Event Highlights from Bloomberg Invest Talks: A Conversation with Henry Kravis

By Marie Sylvestre, Bloomberg Live

On October 30th, the latest segment of the Bloomberg Invest Talks series kicked off with Jason Kelly, Chief Correspondent, Bloomberg QuickTake, sitting down with Henry Kravis, Co-Chairman and Co-CEO, KKR, for a virtual one-on-one discussion about the global economy, the potential impact of the upcoming U.S. presidential election, the effects of the Covid pandemic, diversity and more.

  • Henry Kravis, Co-Chairman and Co-CEO, KKR 
  • Jason Kelly, Chief Correspondent, Bloomberg QuickTake

 Click here to view video of the full discussion.

A few of the key takeaways: 

State of the world

When asked about the state of the world, Kravis called it “upside down.” He elaborated by sharing his perspective about the current global health and economic crises. “The global pandemic has taken many lives, unfortunately, and, today, it still threatens the lives of millions of people around the world. We went through a lull and it looked like things were better. And, now we’re back into the teeth of it again as cases are spiking tremendously.”

He expanded on his thoughts, saying, “Thank goodness that Congress, Treasury and the Federal Reserve in the U.S. and other central banks and governments around the world have put an enormous amount of money into the system to make sure that the economies of the various countries didn’t collapse.” He talked about the market’s extreme volatility and said, “Just look at our markets in the U.S. We’re up, one day, three, four hundred points and then the next day, for almost no reason, we’re down four to five hundred points. Any news coming out of the pharmaceutical industry on progress with a therapeutic or with a vaccine is changing sympathy in the markets. If you have a test going and all of a sudden somebody becomes ill and it doesn’t work, they have to slow down the testing that they’re doing. All of a sudden, markets react.” He said “I don’t remember a time when I’ve seen such volatility as we see today.”

 Keeping busy

During the Covid outbreak, KKR’s U.S. offices shut down in March and left Kravis wondering: “How are we going to even keep busy? Will we have much of a year at all?” To that end, he said, “we have had probably the busiest year and productive year that we’ve had almost ever. I think it’s really in part because of the culture that we have at the firm that has held the firm together, the glue. And it didn’t matter whether we’re operating from a standpoint of Zoom calls, telephone calls or in the office. It’s that culture of helping each other and working together. And, as a result of that, we’ve been able to invest over 40 billion dollars so far this year across our various products that we have. Had you asked me that in March, ‘Do you think that’s possible?’ I would’ve said absolutely not.”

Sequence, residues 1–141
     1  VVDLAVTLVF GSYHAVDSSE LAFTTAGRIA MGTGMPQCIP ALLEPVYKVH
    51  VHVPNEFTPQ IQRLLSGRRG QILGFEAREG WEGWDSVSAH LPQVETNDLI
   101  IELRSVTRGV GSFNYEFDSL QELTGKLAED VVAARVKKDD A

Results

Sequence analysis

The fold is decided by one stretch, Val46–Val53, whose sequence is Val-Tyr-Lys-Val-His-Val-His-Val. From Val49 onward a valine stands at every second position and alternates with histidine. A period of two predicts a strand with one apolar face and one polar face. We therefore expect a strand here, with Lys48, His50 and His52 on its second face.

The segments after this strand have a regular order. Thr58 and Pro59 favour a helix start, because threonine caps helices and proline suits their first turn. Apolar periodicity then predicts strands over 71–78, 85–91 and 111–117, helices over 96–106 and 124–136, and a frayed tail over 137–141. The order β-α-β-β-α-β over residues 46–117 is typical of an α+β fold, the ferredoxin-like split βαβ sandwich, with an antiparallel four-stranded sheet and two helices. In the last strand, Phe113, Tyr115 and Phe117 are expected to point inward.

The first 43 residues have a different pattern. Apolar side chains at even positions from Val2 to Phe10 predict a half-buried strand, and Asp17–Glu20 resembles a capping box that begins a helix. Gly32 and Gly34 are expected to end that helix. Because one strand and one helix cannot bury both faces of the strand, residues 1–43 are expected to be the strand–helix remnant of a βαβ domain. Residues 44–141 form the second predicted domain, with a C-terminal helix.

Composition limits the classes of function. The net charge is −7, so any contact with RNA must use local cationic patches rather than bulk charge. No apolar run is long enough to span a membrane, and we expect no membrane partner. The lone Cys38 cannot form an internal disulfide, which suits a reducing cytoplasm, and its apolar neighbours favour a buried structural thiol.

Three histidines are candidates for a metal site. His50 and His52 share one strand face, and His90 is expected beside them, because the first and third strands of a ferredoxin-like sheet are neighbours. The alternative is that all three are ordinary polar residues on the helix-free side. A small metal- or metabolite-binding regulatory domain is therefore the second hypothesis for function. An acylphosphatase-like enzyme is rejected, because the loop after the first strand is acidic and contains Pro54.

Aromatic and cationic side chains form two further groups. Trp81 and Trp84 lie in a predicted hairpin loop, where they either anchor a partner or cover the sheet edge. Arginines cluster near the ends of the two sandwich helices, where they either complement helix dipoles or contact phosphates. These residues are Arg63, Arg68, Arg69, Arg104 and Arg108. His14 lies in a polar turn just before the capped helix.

Culture at KKR

“We wanted a culture where everyone participated in absolutely everything we did. Whether you worked on a transaction or you didn’t, whether you were based in San Francisco, where George was, or in New York, where Jerry and I were, whether you were a partner at the firm or you weren’t a partner at the firm, you got to participate in everything that we did.” He further elaborated by saying, “We talk about that culture all the time. That’s our DNA. That is the one thing that keeps us together and keeps us able to grow and help each other significantly.”

Selling assets

Kravis said, “We’ve sold a number of our assets this year. What surprised me is I thought that as we got closer to an election and the possibility of a change in capital gains rates at some point next year that there would be more people that would be driven by the capital gains rate. They’re driven by that in part but that’s not their highest priority. They’re saying, we’ll sell at the right price, at the time that we think is the right time to sell. And so it’s not necessarily tax-driven today.” That said, “the market took off. Once the Federal Reserve started pumping money and increased their balance sheet by trillions of dollars, all of a sudden spreads tightened, capital was available and the market started moving up and up and up. And, as a result, prices went up significantly from where they had them.”